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The Scientist

» age-related disease, culture and microbiology

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image: Plague Ravaging Madagascar

Plague Ravaging Madagascar

By Kerry Grens | October 10, 2017

Nearly four dozen people have died.

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image: Contributors

Contributors

By Aggie Mika | October 1, 2017

Meet some of the people featured in the October 2017 issue of The Scientist.

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image: Ten-Minute Sabbatical

Ten-Minute Sabbatical

By The Scientist Staff | October 1, 2017

Take a break from the bench to puzzle and peruse.

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image: Watch This Biofilm

Watch This Biofilm

By The Scientist Staff | October 1, 2017

Researchers encoded moving images in DNA within living cells.

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image: Book Excerpt from <em>Rise of the Necrofauna</em>

Book Excerpt from Rise of the Necrofauna

By Britt Wray | October 1, 2017

In chapter 4, “Why Recreate the Woolly Mammoth?” author Britt Wray explores the social consequences of bringing an iconic species back from extinction.

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image: In Canada, Signs of Life Nearly 4 Billion Years Old

In Canada, Signs of Life Nearly 4 Billion Years Old

By Ashley P. Taylor | September 28, 2017

Embedded within 3.95-billion-year-old rock, scientists have found graphite with a carbon signature that indicates biological activity.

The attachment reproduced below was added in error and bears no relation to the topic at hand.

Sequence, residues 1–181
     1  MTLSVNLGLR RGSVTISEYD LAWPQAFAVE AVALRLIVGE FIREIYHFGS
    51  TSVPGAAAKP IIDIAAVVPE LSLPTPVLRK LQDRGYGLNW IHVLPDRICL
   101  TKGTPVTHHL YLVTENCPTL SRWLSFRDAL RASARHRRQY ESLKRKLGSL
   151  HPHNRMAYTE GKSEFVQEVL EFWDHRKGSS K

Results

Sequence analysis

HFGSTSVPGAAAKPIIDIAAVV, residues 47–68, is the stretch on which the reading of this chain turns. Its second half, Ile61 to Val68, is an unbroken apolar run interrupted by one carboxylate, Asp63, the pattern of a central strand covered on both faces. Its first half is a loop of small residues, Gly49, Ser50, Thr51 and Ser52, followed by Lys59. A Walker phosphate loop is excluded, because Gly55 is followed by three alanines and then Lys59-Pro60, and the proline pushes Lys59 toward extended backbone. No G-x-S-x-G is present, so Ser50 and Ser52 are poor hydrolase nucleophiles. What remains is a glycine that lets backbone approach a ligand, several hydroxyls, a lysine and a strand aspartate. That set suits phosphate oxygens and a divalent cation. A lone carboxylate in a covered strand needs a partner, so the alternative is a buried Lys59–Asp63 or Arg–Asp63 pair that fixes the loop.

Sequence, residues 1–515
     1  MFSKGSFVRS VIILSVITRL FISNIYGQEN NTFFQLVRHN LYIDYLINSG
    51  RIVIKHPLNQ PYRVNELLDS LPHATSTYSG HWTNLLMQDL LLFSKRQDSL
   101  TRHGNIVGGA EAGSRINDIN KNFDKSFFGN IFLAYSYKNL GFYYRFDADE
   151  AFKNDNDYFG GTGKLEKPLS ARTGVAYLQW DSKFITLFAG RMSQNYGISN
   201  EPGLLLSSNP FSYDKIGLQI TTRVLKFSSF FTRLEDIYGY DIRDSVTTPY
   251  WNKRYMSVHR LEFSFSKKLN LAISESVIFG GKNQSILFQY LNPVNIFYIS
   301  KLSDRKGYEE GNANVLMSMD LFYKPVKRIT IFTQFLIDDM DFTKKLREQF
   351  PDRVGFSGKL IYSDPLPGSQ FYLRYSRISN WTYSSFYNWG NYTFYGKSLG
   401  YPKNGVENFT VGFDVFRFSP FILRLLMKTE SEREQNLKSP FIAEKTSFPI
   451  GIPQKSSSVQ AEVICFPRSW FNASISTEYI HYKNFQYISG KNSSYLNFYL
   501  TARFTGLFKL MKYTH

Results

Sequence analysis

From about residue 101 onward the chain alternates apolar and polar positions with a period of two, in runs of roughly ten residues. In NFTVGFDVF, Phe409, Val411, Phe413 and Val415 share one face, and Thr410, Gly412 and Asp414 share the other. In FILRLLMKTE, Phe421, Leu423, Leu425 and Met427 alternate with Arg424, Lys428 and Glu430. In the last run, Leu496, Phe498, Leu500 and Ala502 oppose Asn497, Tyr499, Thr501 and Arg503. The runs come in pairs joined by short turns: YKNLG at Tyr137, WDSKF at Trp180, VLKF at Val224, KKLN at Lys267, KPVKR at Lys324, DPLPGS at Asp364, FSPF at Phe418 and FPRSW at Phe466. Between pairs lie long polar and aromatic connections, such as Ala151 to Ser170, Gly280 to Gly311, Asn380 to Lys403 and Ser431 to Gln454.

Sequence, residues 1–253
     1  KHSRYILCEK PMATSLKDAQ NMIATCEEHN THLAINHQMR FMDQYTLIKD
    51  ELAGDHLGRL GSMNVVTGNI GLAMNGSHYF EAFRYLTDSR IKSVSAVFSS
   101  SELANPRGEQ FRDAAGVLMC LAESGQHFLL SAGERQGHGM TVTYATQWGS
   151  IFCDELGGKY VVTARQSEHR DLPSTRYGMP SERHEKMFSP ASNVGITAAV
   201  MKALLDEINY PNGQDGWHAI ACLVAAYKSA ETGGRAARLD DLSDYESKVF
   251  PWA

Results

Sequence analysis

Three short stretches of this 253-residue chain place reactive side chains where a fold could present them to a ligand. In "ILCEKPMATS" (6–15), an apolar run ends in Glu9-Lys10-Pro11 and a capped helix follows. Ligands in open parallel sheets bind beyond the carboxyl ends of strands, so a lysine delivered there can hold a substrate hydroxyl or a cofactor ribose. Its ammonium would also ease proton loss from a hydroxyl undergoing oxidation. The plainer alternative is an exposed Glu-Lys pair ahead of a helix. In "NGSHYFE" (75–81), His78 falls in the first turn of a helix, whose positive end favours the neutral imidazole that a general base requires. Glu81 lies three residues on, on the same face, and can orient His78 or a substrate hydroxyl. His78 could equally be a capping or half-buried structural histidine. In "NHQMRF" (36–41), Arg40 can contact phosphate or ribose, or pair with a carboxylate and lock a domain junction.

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image: In-Depth Look at the Human Microbiome

In-Depth Look at the Human Microbiome

By Jef Akst | September 20, 2017

Hundreds of samples from microbes living in the gut, skin, mouth, and vagina add to the human microbiome “fingerprint.” 

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image: Infection During Pregnancy Tied to Autism in Mouse Model

Infection During Pregnancy Tied to Autism in Mouse Model

By Kerry Grens | September 13, 2017

Bacterial strains in mice’s gut microbiomes mediated their pups’ risk for developing abnormal behaviors.

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image: Scientists Fear DACA Cancellation

Scientists Fear DACA Cancellation

By Jef Akst and Shawna Williams | September 4, 2017

Some researchers are at risk of job loss and even deportation if Trump decides to end a program that allows undocumented immigrants who arrived in the U.S. as children to obtain work permits. 

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Exposure to the body’s humidity causes a film of the microbes to change shape, opening flaps in the garment to allow for increased airflow.

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